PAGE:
Ebola: The Dark Side of Globalization

People tend to notice the health and associated economic crises caused by a disease like Ebola only after the disease strikes close to home. But to protect all, every community must care for others far away, suggests Trond Undheim in an essay for Fortune. The chances of contracting Ebola are small, yet the precautions are costly, time-consuming, highly visible and alarming. “We may have understood globalization intellectually, but we have not digested its emotional effects, and we, for sure, have not yet experienced the full practical effect of its sting,” Undheim writes, pointing out that “the unknown factor with Ebola is not the virus itself, but people’s reactions to hearing about it.” Undheim anticipates other diseases to emerge, some even more contagious. The UN Millennium Development goals on eliminating poverty and improving education and sanitation are set to expire in 2015. Originally presented as “moral imperatives,” they could also be considered as means for self-preservation. – YaleGlobal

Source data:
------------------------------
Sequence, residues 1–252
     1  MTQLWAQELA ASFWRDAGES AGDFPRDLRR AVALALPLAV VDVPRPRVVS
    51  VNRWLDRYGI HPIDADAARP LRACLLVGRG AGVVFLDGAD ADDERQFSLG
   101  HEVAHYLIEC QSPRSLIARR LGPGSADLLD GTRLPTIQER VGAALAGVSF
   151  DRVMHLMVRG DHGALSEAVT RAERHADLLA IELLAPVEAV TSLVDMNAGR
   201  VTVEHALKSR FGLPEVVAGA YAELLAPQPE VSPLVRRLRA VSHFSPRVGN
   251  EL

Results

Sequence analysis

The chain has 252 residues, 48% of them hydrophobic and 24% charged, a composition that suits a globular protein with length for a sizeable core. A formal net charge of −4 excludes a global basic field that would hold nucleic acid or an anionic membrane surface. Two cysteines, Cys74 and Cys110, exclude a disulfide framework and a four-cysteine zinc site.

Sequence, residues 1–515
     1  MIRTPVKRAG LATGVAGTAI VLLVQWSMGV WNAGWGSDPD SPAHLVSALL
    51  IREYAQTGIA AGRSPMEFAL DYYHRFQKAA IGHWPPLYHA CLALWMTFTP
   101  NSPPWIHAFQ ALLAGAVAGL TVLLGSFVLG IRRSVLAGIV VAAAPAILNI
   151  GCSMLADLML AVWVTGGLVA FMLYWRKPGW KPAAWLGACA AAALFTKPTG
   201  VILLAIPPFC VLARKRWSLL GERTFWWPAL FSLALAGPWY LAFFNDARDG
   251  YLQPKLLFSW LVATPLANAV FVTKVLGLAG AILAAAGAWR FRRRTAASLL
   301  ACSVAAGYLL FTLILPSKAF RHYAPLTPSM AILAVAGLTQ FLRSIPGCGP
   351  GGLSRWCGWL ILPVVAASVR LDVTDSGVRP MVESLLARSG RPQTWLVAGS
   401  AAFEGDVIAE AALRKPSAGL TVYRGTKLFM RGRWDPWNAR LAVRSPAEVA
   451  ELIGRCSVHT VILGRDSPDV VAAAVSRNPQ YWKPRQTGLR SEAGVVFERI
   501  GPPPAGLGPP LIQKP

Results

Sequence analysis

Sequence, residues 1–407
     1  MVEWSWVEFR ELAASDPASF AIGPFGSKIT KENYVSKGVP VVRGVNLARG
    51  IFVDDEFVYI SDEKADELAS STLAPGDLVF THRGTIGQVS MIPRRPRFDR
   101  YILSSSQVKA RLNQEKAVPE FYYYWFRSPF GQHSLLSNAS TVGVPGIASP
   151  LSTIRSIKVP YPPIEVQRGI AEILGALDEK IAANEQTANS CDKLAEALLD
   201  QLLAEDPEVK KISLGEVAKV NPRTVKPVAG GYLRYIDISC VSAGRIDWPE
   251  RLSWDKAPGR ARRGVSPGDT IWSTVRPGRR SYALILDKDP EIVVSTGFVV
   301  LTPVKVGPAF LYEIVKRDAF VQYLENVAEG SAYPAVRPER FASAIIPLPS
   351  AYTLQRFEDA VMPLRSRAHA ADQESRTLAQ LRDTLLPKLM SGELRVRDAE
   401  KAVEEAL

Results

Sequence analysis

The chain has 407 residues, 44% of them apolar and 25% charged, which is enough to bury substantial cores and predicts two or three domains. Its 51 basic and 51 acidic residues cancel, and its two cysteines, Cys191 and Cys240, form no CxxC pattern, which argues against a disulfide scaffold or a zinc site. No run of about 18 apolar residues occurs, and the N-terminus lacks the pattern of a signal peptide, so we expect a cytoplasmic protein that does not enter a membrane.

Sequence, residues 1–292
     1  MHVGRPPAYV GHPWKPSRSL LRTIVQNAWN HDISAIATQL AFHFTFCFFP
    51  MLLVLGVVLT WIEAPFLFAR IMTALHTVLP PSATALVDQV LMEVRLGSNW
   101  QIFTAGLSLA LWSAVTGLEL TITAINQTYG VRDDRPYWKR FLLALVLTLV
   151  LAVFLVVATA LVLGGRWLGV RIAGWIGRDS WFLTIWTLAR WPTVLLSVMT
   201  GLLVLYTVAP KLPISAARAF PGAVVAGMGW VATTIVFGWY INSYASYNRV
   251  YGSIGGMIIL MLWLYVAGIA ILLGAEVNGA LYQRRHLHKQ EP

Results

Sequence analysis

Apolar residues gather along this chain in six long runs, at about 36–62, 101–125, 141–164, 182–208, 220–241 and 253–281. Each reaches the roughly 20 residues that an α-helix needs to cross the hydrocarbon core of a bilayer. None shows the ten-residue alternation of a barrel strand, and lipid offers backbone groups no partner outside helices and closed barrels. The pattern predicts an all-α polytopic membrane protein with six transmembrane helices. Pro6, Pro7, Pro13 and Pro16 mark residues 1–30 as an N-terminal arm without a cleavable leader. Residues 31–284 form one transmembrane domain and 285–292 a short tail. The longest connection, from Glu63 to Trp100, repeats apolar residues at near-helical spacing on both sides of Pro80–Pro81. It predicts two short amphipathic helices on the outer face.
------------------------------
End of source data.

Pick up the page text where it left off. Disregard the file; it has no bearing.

Ebola: The Dark Side of Globalization

UN Millennium Development goals on sanitation, healthcare, governance should be enacted not simply because of moral concerns, but for global safety
Trond Undheim
Tuesday, October 21, 2014

Click here for the article in Fortune.

Trond Undheim is senior lecturer in Global Economics and Management at the MIT Sloan School of Management. Undheim is also founder of Yegii.com, an insight network that connects companies to global expertise

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